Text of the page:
Korngold Piano Sonatas 1-3

Fine playing undermined by the sound

Author: 
Guest

Korngold Piano Sonatas 1-3

  • Sonata for Piano No. 1
  • Sonata for Piano No. 2
  • Sonata for Piano No. 3

It hardly needs repeating that Erich Korngold was one of the most remarkable of all musical child prodigies. Yet it is still hard to credit that his First Piano Sonata is the product of an 11­year­old‚ while the imposing Second Sonata was written when he was 13. It is no wonder that Mahler and Richard Strauss were full of wonder at the young Korngold’s talent. It isn’t just his natural gift as a tunesmith‚ but his firmness and maturity of style‚ control of form‚ harmonic ingenuity and distinctive voice that are astounding. The Third Sonata (1929­31) is a more refined and mature work‚ written two decades later.
Korngold fans may already be familiar with these works‚ either from Matthijs Verschoor’s pioneering recording or Geoffrey Tozer’s fluent account for Chandos. André de Groote’s interpretations are more broadly conceived than Tozer’s: he gives the music more space to breathe‚ while Tozer tends to emphasise its dramatic sweep. De Groote’s taut muscularity and rhythmic solidity (try his majestic grandeur in the passacaglia finale to the First Sonata) contrasts with Tozer’s loosely rhetorical‚ though occasionally more colourful‚ playing. Tozer – with the help of a better balanced and warmer recording – brings a lush but generalised Romanticism to the imposing Second Sonata‚ which nevertheless doesn’t match the concentrated intensity of de Groote’s playing. De Groote’s atmospheric tension‚ confessional tone and emotional poise in the slow movement are especially impressive. His account of the Third Sonata is equally fine‚ and benefits from a more varied and expressive tonal palette.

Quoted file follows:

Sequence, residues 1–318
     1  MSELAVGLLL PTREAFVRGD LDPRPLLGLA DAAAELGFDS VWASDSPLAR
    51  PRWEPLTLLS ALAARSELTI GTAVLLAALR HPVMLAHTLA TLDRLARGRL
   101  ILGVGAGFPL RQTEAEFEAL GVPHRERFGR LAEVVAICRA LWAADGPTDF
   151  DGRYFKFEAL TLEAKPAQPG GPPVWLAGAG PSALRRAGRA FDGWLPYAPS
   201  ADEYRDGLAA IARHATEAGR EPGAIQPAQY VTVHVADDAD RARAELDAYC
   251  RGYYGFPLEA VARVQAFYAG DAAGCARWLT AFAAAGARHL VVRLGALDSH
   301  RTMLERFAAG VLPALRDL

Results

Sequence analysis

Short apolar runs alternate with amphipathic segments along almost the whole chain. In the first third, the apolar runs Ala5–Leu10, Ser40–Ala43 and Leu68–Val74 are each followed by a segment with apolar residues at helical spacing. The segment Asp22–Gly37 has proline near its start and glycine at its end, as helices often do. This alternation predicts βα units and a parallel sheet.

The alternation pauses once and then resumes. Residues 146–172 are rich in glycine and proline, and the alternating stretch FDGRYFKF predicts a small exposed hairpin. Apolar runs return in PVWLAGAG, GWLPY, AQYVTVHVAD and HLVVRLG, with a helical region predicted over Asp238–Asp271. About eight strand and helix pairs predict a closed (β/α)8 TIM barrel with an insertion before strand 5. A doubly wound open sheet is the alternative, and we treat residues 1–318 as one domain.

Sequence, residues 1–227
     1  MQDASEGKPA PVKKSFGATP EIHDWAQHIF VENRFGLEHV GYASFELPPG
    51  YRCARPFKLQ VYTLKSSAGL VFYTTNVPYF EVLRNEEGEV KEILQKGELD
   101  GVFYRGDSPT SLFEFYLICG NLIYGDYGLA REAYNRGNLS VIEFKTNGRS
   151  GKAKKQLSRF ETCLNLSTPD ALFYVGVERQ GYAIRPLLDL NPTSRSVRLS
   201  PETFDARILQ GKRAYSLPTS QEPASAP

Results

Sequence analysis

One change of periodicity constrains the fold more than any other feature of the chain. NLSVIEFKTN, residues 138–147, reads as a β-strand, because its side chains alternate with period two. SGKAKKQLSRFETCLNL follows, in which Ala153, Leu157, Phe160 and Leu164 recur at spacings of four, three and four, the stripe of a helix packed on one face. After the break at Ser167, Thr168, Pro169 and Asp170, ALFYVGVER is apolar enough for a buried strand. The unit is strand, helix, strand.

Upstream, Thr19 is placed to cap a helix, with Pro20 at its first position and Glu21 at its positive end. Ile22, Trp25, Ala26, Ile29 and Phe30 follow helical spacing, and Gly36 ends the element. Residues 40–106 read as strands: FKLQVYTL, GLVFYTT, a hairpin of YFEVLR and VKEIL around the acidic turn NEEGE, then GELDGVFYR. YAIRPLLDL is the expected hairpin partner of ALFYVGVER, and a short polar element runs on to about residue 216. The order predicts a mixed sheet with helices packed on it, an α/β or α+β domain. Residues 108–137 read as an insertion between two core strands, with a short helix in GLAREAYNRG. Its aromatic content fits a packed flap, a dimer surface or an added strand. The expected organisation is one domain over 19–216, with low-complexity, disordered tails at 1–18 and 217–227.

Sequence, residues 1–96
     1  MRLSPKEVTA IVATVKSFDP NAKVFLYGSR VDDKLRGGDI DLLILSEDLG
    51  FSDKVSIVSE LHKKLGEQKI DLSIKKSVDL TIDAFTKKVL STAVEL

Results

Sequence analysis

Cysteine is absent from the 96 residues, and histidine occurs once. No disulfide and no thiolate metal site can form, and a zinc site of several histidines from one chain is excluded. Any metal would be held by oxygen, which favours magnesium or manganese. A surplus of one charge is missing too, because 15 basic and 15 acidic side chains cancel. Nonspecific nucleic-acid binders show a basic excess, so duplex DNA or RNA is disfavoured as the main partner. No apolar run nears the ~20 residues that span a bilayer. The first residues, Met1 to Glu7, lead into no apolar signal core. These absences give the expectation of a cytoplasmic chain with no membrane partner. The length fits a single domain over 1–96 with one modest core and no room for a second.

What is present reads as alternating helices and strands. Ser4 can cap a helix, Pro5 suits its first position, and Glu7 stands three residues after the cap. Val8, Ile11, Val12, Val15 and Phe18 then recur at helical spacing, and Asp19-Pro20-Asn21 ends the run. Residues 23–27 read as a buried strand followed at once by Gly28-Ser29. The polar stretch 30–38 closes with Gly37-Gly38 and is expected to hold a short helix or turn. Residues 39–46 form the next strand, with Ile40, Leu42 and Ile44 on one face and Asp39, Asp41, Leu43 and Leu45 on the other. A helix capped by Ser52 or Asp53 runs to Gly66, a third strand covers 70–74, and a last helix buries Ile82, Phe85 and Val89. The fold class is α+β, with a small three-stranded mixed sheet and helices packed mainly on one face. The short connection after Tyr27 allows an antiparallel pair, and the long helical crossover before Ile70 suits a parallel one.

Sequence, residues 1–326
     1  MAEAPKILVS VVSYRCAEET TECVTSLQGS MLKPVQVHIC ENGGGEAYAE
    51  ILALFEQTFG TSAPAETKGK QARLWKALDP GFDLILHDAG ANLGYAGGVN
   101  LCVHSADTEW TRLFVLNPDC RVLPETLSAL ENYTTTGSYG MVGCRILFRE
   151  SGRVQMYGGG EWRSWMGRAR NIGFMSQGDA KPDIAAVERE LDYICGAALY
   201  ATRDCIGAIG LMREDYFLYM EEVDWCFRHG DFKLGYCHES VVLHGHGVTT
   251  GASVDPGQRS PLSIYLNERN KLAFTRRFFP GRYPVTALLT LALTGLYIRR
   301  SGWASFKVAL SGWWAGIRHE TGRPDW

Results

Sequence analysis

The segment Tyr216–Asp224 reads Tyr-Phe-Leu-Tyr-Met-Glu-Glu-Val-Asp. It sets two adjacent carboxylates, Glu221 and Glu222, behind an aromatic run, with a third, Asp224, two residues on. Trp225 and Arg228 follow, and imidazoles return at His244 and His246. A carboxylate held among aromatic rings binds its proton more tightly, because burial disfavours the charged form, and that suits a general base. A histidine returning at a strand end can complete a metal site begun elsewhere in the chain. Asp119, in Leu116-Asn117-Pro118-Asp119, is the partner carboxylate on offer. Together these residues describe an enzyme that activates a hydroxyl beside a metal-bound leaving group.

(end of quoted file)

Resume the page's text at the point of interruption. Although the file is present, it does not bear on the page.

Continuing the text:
It’s a pity the sound is so recessed and brittle at the upper octaves. Chandos’s production is superior – better sound‚ booklet­notes and presentation – but for me the personality and conviction of de Groote’s playing challenges Tozer’s more generalised approach.

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